SEM for Managers

Internet History and Search Engine Marketing

Back in the early 90s, websites were a corporate novelty. By 1999 however, the novelty wore off as more and more companies jumped onto the Internet bandwagon. The mentality that every business needed a website began to flourish. Compounding matters was the inflated stock prices for web based companies. The vision of millions of dollars in dividends virtually overnight spurred even more businesses to develop a “web presence.”

Soon, the face of the web changed. Gone were sites with straight text and simple layouts; these were replaced with multimedia extravaganzas filled with JavaScript, Flash, and dynamic databases. Many companies mistakenly believed that if they put enough bells and whistles on their web pages, that customers would come.

They did not take into consideration the way traffic moved around the web, nor did they implement a search engine marketing strategy. They simply built websites and expected a massive influx of visitors. Needless to say, most of these companies went broke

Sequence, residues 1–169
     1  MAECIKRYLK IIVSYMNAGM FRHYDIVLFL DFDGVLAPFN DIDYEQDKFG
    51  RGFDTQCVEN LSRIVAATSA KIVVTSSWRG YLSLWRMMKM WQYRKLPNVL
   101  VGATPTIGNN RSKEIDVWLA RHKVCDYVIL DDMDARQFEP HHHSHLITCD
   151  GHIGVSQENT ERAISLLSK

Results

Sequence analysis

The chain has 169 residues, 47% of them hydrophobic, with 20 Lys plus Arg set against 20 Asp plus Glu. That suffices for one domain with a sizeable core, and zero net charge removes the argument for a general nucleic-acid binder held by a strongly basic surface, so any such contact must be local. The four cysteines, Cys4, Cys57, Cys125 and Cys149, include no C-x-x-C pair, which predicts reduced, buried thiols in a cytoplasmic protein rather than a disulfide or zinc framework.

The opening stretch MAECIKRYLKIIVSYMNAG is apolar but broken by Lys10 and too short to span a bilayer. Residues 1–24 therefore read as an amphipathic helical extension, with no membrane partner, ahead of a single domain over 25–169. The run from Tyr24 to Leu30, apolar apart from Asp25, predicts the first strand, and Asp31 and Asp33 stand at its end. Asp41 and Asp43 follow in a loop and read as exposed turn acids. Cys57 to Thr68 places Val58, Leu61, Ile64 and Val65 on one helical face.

A recent study shows that 85% of people looking for goods and service on the Internet begin their search at one of the major search engines. Similar research shows that 65% of click-throughs from these search engines come from the first page of displayed results. If your site is not in that first page of listings, then you can assume that you are almost invisible on the web.

If your company derives revenue from its website through advertising, direct sales, or lead generation, then your webmaster’s main focus should not be on eye candy, but on how to get a top ranking in major search engines. Search engine optimization is the most cost effective way to drive targeted traffic to your website. It is also where search engine marketing comes into play. A good search engine marketing strategy can help you get and keep a top 10 position in search engines.